Nearly every day our office receives a call from a potential European client who has just been refused a B1/B2 visa at one of the many European consular posts. Typically they call in a panic, worried they have blemished their otherwise spotless record with US immigration officials. The first question I ask is, "Why did you apply for a B1/B2 visa in the first place?" I receive a variety of responses ranging from, "I thought I needed one to travel" to "I thought I was doing the right thing by applying for a visa." I then ask if they were represented by a US immigration lawyer for their visa application. 99% of the callers reply, "No." The 1% who were represented by a lawyer typically retained a US immigration attorney whose primary office is based in the United States, where they are less familiar with immigration law at the consular level.
Why do the majority of European nationals not require a B1/B2 visa to travel to the United States?
The vast majority of European nationals are eligible to travel visa free under the Visa Waiver Program (VWP), sometimes simply referred to as "ESTA." Traveling to the United States with a valid ESTA application entitles the passport holder to spend up to 90 days in the US as a business visitor or holiday-maker. It is important to note that business visitors cannot engage in productive work. They may conduct a very limited number of business transactions while in the States.
Consular posts place intense scrutiny on any tourist visa application made by eligible Visa Waiver nationals. Immigration officers take the view that nationals of Visa Waiver countries already can stay in the US for up to 90 days without a visa and there is no reason for them to apply for a visa unless they have an underlying immigrant intent (i.e. they want to permanently live in the United States).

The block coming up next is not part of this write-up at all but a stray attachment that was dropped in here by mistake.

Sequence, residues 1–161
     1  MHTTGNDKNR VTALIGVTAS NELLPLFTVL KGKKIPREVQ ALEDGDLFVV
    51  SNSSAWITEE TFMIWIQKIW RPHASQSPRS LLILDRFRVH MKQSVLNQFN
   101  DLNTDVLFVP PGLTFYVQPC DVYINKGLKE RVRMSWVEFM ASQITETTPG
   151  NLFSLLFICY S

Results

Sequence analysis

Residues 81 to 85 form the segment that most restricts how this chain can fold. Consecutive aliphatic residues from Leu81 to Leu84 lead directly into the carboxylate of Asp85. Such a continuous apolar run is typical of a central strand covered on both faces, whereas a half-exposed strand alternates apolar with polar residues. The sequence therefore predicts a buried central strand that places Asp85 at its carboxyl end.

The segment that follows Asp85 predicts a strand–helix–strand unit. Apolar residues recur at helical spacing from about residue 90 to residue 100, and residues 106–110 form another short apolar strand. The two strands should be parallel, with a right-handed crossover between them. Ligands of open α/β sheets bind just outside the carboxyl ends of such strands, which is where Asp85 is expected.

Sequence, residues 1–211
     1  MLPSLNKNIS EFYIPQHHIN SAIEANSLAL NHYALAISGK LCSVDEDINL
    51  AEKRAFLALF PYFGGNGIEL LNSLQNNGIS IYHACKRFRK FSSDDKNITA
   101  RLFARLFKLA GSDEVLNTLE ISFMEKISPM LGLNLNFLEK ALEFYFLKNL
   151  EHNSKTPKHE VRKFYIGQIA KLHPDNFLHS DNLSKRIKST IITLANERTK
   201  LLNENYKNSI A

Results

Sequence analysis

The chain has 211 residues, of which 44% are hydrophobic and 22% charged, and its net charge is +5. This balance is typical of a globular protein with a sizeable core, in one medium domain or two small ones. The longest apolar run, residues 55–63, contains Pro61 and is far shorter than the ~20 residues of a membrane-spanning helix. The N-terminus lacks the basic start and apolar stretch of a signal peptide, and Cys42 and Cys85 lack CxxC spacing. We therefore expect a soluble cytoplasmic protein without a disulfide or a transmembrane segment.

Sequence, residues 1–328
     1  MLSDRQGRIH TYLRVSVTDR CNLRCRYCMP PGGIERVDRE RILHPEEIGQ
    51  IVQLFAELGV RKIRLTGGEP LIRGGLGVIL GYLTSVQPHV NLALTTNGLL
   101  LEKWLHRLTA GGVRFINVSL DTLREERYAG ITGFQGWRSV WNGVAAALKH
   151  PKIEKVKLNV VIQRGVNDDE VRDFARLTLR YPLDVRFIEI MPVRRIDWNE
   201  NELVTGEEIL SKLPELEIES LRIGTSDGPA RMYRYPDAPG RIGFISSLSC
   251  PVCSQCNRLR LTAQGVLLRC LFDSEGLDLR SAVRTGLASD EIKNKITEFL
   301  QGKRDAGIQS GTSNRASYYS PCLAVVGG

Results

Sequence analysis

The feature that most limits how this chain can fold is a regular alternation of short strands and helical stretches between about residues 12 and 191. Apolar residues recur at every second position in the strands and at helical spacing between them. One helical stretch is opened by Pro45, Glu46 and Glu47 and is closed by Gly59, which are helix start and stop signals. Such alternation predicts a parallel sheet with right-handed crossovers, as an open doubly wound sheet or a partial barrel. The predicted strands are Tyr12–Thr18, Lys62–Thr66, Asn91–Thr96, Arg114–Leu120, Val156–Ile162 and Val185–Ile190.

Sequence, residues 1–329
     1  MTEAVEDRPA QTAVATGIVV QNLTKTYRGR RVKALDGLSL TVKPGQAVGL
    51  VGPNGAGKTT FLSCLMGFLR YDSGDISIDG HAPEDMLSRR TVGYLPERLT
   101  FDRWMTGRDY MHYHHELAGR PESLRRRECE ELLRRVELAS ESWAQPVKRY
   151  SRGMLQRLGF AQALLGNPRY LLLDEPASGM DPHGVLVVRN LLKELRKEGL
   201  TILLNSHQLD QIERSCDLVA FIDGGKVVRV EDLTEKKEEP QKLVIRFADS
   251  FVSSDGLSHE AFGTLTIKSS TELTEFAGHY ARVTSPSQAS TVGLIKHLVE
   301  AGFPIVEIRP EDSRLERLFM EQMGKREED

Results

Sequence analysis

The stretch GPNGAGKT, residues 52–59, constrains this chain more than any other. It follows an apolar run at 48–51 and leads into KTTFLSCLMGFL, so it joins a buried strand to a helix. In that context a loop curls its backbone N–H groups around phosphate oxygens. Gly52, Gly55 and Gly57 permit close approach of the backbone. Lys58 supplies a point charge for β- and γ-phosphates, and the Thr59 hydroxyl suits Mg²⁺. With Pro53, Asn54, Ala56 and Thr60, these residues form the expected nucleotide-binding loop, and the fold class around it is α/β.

For this reason, the majority of the B1/B2 tourist visa applications are refused unless there is some genuine reason for the applicant needing the visa. Simply wanting a visa to stay in the US for six months would not be considered a valid reason for making the application.
When would a Visa Waiver national require a tourist B1/B2 visa?
There are certainly instances when a national of a Visa Waiver country does require a tourist visa. Take the below examples.
Simon is a UK national living in London. Eager to start a business in the United States he applies for the E2 Treaty Investor Visa through the US Embassy in London. Unfortunately, Simon did not retain the services of an E2 visa lawyer and his application was refused. Simon abandons his desire to start a business in the US but now simply wishes to travel to Florida to visit Disney World with his family.
Shortly before his trip, Simon completes a new ESTA application. The application asks Simon if he has ever been refused a US visa. As such, Simon answers in the affirmative and submits his ESTA application. Unfortunately for Simon, his ESTA is refused. Simon is not eligible to travel under the Visa Waiver Program and he must now apply for a visa even to travel to the US to visit Disney World as a tourist.
Domenico is national of Italy living in Naples. Domenico's best friend from University, Jamal, invites Domenico to his wedding taking place in Sudan on 1 July 2018. After returning from Jamal's Sudanese wedding, Domenico and his partner Chiara become engage and wish to mark the occasion with a road trip across America. Domenico is not eligible to travel under the Visa Waiver Program, as he visited Sudan on or after 1 March 2011. He must first apply for a tourist visa before entering the country.
In addition to the above scenarios, nationals with law enforcement or medical issues may also be ineligible to travel under ESTA. It is advised they seek advice from a qualified US immigration lawyer regarding their eligibility to travel.
To learn more about ESTA and the various US visas available, contact Barella Global to speak with a US immigration lawyer at our London or Brussels office. We may be reached via email at firstname.lastname@example.org or by telephone at (UK) +44 (0) 20 3026 0054 and (Belgium) +32 (0) 2 808 8053. For additional information please visit our website at http://www.barellalaw.com.